A key area of challenge is how women are perceived rather than how and who they are. In short, the respondents would like to be ministers rather than ‘lady’ ministers. They describe their profound experiences of being called by God, and of being sustained by prayer and spiritual practice. They appreciate the support of their colleagues, families and friends and speak of their work with sincerity, gratitude and good humour.

They express needs for ongoing formation; courtesy and respect from men in their own and other traditions; access to leadership roles; consideration of family issues and, in some cases, security of employment and remuneration. Denomination is important to these ministers and the perspective of their denomination regarding the ministry of women is a key factor in their experience of ministry.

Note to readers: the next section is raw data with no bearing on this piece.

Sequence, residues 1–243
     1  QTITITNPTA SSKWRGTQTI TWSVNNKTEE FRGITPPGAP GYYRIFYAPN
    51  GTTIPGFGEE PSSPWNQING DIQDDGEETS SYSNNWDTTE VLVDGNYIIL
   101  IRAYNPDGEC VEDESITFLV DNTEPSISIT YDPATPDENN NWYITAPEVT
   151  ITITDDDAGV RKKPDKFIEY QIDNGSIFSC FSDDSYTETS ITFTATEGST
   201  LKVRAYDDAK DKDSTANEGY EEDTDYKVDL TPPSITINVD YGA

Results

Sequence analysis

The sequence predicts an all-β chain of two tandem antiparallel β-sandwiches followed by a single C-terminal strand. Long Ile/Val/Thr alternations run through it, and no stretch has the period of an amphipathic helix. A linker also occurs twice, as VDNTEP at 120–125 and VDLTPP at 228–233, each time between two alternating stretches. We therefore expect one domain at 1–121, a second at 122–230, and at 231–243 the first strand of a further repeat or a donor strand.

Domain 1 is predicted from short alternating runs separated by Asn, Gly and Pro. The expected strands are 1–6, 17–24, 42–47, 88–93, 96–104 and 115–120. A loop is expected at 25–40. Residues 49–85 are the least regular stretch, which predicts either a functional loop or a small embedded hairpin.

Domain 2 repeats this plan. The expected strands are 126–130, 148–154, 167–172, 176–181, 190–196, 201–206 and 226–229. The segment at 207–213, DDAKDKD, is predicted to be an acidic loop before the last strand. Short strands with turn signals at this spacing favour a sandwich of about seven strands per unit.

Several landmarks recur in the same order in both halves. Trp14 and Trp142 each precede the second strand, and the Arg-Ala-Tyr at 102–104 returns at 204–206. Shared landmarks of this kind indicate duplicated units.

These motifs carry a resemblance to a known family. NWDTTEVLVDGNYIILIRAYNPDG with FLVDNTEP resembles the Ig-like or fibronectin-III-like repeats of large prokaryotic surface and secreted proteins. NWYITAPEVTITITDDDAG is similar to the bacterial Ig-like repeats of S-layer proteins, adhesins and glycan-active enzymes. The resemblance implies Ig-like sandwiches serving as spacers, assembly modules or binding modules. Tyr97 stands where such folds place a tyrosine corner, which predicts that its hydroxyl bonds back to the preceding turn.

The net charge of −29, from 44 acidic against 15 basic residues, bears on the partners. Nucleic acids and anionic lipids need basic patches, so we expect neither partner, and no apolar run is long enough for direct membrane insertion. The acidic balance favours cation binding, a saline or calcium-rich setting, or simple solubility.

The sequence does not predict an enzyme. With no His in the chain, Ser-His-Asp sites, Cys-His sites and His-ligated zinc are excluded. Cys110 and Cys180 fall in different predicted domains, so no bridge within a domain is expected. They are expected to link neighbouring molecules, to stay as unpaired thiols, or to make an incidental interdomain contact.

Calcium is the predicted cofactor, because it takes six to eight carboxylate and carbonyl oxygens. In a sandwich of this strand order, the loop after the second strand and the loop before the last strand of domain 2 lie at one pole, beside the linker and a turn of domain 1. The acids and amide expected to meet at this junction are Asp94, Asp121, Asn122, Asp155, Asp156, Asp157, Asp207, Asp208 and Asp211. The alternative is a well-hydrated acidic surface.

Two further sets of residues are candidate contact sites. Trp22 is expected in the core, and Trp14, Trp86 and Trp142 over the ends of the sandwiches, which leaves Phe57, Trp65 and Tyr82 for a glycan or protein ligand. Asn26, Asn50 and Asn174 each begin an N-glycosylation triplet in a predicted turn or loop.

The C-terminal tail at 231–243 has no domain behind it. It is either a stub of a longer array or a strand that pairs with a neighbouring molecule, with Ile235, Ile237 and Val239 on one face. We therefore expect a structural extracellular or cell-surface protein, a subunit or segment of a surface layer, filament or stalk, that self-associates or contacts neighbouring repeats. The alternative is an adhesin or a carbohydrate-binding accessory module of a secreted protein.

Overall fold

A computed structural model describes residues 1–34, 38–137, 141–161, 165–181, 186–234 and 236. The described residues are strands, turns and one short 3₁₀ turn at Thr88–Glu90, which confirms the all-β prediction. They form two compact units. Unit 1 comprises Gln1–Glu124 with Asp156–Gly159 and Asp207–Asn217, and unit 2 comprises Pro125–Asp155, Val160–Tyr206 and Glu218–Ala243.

Where structures offer equal access to all ministries women are most fulfilled. Most find greater challenges where ministries are restricted and structures do not accommodate female ministers.

Across the Churches women feel that they have inherited a ‘male model’ of ministry which they are expected to accommodate. They would like to see expanded models of ministry to reflect their gifts and realities and many feel that this may be met with resistance in church cultures.

While the great majority of Catholic women expressed their appreciation of their ordained colleagues, many described the behaviour of some clergy as “domineering, disrespectful and unreflexive”. They also identified problems with clergy training and formation which left priests ill-prepared for collaborative ministry.